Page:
Over September 26-27 I was a guest speaker at the US Department of Health & Human Services blockchain for healthcare workshop.  It was a fascinating and worthwhile exercise, as I reported in more detail here.  However, I have to say most of the presentations confirmed my view that blockchain application development leaves a lot to be desired.

Too often, blockchain-based solutions fall short of good design practice.  They typically fail to set out the problem they're really trying to solve, and instead start with the working assumption that blockchain is an inherently valuable part of the end solution.  In the current craze, people tend to treat blockchain is the end and not the means. 

There were three noticable problems with the blockchain for healthcare proposals, taken as a whole: 

  1. They tended to misunderstand what blockchain does.  As I've canvassed elsewhere, the original Bitcoin blockchain only does one thing: it reaches consensus on the order of entries in a ledger.  It does not and cannot decide anything else about the entries.  And so it does not have a lot to contribute to the health IT problem of interoperability. 
  2. They tended to overestimate blockchain as a database.  Several papers submitted to the workshop claimed blockchain could help federate the many disparate and siloed health information repositories, improving on the probematic Health Information Exchange (HIE) model.  However, as the workshop progressed, all parties agreed that the blockchain should not be used to hold significant health data, because it's public by nature, and limited in capacity. So if blockchain isnt going to store health data, it cannot help shift health data from its current silos. 
  3. And none of the blockchain papers tackled the challenge of key management. When permissions and confidentiality need to be layered on top of the core blockchain, and the necessary key management arrangements are inplace, the distributed ledger technology actuallt becomes inconsequential.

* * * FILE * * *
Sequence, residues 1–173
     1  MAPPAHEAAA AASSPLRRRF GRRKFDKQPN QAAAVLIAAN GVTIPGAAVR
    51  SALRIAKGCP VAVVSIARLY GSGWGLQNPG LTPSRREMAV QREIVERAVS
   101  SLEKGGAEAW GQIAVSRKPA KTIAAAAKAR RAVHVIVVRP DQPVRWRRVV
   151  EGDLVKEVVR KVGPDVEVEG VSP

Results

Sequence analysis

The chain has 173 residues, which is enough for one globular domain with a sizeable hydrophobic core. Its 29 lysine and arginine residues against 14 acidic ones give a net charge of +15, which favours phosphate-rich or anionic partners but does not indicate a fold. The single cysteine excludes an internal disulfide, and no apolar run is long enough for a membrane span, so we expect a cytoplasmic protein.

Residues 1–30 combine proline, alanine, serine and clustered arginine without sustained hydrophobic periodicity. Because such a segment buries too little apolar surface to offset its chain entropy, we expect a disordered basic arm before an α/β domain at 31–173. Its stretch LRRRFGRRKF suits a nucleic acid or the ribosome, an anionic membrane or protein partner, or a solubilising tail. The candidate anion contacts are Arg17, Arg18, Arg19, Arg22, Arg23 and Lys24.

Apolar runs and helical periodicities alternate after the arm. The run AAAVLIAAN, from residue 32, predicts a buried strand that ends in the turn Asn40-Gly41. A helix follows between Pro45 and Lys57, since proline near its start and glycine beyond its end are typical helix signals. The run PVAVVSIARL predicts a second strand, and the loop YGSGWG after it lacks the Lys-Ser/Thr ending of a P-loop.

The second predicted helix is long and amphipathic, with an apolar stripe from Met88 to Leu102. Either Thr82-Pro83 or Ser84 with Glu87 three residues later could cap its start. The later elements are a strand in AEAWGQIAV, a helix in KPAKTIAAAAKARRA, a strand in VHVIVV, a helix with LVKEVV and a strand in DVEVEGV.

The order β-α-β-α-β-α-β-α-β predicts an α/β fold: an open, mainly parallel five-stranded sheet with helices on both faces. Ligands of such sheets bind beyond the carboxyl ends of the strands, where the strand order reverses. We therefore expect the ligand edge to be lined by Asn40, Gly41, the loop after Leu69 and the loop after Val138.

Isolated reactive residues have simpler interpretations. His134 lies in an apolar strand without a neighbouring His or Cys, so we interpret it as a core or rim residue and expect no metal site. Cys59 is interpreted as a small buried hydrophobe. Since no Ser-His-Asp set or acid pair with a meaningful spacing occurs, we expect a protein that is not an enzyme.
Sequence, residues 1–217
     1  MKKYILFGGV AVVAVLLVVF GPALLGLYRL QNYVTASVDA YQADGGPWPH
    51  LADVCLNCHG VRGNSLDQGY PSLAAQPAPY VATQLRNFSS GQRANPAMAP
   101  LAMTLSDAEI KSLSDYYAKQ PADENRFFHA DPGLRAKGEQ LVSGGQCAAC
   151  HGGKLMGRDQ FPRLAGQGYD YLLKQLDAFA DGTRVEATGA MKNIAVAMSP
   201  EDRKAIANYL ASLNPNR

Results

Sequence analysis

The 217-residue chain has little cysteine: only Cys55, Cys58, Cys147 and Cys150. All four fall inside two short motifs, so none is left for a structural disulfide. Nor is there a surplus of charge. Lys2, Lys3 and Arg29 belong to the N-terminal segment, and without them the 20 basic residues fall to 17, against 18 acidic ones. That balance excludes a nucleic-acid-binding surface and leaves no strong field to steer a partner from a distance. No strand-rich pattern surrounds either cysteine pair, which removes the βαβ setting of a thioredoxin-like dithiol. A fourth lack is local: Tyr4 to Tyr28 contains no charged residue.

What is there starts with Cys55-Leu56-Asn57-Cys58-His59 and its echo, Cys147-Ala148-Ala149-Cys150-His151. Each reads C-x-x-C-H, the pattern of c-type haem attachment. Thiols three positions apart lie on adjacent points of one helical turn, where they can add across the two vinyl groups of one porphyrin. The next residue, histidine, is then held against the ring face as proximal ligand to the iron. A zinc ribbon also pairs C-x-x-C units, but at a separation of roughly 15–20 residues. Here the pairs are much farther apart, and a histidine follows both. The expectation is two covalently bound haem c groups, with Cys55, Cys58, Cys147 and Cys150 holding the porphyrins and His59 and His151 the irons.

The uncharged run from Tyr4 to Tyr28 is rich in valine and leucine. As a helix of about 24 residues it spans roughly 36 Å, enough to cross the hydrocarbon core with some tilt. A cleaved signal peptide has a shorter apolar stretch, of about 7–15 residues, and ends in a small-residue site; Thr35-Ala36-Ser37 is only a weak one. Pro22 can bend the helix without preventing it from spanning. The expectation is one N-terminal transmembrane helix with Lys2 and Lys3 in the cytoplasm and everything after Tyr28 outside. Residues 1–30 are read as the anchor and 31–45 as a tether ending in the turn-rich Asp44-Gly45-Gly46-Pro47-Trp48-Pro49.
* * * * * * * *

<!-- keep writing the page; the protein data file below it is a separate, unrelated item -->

If distributed ledgers hold some promise in e-health, there needs to be a clear problem statement and a stronger R&D pathway, to take us from the first generation prototype blockchain, to second and third generation DLTs and beyond. 

I have published a new research report seeking to improve how blockchain-related R&D is conducted

The ad hoc way in which permissions and encryption is added to blockchain is just one example of overly hasty "innovation". In the rush to apply blockchain to mainstream applications, few entrepreneurs have been clear about the problems they think they’re solving.  If DLT R&D is not properly grounded, then the resulting solutions will be weak and will ultimately fail in the market.  The original blockchain was truly only a prototype; greater care is needed to reliably adapt the first generation algorithms to enterprise requirements. 

The report examines four strong research organisations in this space: the Hyperledger Foundation, Microsoft's Azure Blockchain as a Service, the banking industry joint vernture R3, and Ping Identity with its investment in the startup Swirlds. 

If your organisation needs to conduct its own R&D then the following checklist can help you stay on track: 

  • Do you have the equivalent of a Double Spend problem? If the order of transactions is not critical or if it’s not really possible for assets such as physical objects to be exercised twice, then the original blockchain is probably not a natural for your use case.
  • Are your assets purely digital or do you have physical assets that need mapping onto the ledger? Any mapping or translation of physical assets onto ledger entries logically needs to be done off-ledgewith authority structures that erode the pure blockchain architecture.  
  • Do you need immutability? The degree of permanence provided by the public blockchains is rarely needed in conventional business, and may not be worth the cost. 
  • Does your environment have administrators? Blockchain was expressly designed for a special case where central admin is banished.  Conventional business lines of command and authority structures can be at odds with the blockchain consensus algorithm. 

For more information, a snapshot of the report is available here.